A lot of agencies. First, the United States Army Corps of Engineers is the “lead agency” – the federal agency charged with executing the requirements of the project under NEPA. CPRA is involved as the “cooperating agency” – the state agency with local expertise and jurisdiction. Other federal agencies that have input include the Environmental Protect Agency, U.S. Fish and Wildlife Service, and the National Ocean and Atmospheric Administration. The Council for Environmental Quality (CEQ) is the administrating agency of NEPA.

The public is a key part of the EIS process as detailed below.

How can the public give input on the EIS and throughout this process?

In the EIS process, meetings called “scoping meetings” are held to present available information of a proposed project or action to the public and others involved who are able to provide public input on the project. These scoping meetings are the earliest point for public comment in this process; however, they are not the only opportunities. The public can also give input and formal comment on the notice to prepare an EIS, which happens after scoping, as well as the draft EIS and final EIS and the proposed action. The proposed action is the course the agency decides to take after developing and considering an Environmental Impact Statement.

This process is just getting started, and there will be ample opportunities for the public and other stakeholders to give input in the months and years ahead. 

Will the operations alternative announced be the strategy used to operate the actual diversion?

In short, it’s still too early to say. We don’t believe so. The 450,000 cfs is a starting point that will likely get refined and adjusted in the months ahead as CPRA gathers more information and the EIS process advances. Through the EIS process, various operation refinements will be developed and tested through science and modeling. We didn’t have the funding to do the type of analysis that will happen over the next few years, but we did bring together a group of experts to discuss how operations will happen in the real world. They don’t believe that this baseline alternative would actually be implemented in any given year. More on their recommendations below.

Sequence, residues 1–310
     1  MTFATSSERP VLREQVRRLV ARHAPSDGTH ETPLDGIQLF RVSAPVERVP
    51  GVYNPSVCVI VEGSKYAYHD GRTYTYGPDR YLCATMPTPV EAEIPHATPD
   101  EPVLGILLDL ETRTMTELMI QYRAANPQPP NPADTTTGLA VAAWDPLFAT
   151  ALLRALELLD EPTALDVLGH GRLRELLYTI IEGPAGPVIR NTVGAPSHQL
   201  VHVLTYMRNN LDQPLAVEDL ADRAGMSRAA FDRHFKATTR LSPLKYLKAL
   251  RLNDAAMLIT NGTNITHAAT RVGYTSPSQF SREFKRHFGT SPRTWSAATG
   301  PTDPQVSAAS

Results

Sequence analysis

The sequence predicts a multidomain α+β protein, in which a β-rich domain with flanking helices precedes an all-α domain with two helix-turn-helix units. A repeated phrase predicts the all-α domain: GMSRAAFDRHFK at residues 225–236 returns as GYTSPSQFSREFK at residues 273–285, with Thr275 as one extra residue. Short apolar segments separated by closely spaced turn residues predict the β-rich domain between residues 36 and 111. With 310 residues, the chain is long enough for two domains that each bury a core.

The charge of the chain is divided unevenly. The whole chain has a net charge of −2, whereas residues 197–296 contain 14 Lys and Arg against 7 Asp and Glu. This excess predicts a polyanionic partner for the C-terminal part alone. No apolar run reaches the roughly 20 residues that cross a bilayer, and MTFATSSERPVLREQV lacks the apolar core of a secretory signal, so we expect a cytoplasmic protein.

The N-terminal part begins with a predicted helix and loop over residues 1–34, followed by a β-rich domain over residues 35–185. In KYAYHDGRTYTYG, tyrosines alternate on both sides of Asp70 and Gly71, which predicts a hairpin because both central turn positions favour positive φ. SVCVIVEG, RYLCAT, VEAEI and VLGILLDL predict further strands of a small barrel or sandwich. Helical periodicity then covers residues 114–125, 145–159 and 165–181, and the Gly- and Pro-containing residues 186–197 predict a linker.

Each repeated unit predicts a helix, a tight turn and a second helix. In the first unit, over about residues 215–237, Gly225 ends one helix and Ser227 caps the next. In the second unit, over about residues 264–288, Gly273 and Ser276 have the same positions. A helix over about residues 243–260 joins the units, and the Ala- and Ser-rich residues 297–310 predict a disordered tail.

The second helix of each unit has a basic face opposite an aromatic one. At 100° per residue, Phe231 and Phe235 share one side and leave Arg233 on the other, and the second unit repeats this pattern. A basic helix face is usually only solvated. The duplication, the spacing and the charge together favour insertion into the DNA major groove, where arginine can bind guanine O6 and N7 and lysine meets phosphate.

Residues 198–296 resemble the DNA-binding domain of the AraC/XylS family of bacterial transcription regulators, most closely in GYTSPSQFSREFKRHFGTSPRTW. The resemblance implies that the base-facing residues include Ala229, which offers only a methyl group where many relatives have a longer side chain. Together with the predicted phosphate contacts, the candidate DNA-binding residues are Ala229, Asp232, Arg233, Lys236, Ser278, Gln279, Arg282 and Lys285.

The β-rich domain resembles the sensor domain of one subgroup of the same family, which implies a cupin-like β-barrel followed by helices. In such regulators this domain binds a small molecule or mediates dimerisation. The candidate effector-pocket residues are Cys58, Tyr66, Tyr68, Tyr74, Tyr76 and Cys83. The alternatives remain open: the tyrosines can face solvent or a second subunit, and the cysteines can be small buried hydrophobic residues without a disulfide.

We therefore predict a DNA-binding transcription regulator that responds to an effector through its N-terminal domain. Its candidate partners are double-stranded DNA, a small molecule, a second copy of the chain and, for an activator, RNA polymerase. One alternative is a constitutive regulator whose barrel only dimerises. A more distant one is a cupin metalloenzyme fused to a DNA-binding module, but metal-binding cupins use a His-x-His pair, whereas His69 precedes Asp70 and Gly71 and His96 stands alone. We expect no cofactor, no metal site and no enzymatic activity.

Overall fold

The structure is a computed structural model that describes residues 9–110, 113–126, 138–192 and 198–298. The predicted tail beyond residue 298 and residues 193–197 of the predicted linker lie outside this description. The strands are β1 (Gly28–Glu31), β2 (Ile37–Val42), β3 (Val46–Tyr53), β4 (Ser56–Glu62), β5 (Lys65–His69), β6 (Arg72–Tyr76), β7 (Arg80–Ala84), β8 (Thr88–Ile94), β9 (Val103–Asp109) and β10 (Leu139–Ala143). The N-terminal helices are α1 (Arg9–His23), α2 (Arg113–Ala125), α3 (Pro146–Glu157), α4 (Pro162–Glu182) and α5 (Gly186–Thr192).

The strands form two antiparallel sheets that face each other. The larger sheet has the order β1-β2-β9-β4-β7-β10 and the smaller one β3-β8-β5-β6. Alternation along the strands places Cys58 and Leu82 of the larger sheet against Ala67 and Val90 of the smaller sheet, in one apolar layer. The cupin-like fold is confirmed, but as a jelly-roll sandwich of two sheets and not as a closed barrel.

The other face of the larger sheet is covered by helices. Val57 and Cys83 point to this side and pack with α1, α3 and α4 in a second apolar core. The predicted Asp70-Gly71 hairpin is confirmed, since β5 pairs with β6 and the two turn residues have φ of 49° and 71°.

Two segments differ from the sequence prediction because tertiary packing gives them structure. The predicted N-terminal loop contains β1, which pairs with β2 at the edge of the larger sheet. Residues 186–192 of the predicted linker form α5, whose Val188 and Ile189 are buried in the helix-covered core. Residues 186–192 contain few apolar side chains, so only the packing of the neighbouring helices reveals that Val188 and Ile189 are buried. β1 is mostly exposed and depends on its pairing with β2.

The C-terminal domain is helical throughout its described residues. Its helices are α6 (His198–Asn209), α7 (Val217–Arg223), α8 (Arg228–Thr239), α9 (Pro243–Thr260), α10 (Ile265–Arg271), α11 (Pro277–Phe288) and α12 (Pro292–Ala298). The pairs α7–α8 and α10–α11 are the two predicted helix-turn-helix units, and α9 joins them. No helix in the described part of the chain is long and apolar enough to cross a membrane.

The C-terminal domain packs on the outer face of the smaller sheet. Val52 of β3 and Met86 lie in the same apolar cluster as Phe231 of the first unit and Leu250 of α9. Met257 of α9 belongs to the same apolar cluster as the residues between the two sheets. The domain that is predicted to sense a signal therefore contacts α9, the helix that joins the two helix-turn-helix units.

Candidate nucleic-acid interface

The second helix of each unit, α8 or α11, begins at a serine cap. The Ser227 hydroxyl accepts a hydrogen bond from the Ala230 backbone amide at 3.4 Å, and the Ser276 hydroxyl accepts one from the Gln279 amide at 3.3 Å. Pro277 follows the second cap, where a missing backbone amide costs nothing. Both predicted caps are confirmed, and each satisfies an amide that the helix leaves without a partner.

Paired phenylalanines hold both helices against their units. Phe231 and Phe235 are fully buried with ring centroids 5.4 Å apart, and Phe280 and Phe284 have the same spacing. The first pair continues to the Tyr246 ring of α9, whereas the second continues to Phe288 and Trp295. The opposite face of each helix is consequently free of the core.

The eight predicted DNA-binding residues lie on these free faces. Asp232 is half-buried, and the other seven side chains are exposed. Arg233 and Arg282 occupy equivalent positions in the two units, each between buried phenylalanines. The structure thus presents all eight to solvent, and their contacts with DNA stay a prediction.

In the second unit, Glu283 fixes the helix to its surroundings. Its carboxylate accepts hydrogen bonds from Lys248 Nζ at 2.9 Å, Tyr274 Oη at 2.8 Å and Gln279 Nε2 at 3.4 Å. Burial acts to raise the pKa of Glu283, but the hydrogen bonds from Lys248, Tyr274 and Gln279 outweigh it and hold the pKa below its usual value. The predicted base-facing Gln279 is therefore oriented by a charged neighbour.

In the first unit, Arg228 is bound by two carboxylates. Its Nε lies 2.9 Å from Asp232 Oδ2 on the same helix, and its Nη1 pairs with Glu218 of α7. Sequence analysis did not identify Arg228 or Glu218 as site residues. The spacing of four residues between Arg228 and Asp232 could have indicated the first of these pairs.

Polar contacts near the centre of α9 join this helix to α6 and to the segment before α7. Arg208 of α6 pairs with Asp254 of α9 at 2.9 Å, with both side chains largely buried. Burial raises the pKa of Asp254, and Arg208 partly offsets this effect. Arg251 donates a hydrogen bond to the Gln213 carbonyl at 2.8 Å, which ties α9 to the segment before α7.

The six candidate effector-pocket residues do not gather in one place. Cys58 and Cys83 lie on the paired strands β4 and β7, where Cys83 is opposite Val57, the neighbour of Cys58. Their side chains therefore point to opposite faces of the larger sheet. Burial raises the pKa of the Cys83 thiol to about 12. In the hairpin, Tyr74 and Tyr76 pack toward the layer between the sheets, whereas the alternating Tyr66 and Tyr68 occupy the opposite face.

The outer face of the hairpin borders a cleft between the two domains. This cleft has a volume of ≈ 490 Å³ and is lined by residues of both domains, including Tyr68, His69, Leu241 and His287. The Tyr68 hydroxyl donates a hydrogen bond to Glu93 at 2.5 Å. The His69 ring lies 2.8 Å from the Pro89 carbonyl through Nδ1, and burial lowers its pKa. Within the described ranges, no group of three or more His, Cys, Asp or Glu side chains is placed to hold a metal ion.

What have scientists said about the operations of sediment diversions?  

Last year, a group of scientists developed a report and series of recommendations on how a sediment diversion could be operated if the goal were to maximize land-building, while considering other effects. The Sediment Diversion Operations Expert Working Group, convened by Environmental Defense Fund and Restore the Mississippi River Delta, consisted of 12 leading scientists with decades of experience working in coastal Louisiana. They examined a variety of topics related to diversion operation for the report: “Building Land in Coastal Louisiana: Expert Recommendations for Operating a Successful Sediment Diversion that Balances Ecosystem and Community Needs.”

In short, the group provided recommendations, such as “sediment diversions should be operated on a pulse that mimics the natural flood cycle of the Mississippi River, which includes taking full advantage of winter flood peaks, when the greatest concentration of sediment is available in the river to sustain the coastal wetlands.” While no substitute for the EIS process currently being executed by GEC, Inc. and CPRA, many of the recommendations will also be considered as part of the EIS for the Mid-Barataria Sediment Diversion and could inform, along with additional modeling and data and public and stakeholder input, how the Mid-Barataria Sediment Diversion will actually be operated. You can learn more at:

Still have questions? Where can I learn more?

We hear you! This stuff is wonky. The Environmental Protection Agency has a great overview of the National Environmental Policy Act Review and Environmental Impact Statement processes on their website. You can also get in touch with us for specific questions, and we’ll try our best to answer.   

View more on the Mid-Barataria Sediment Diversion.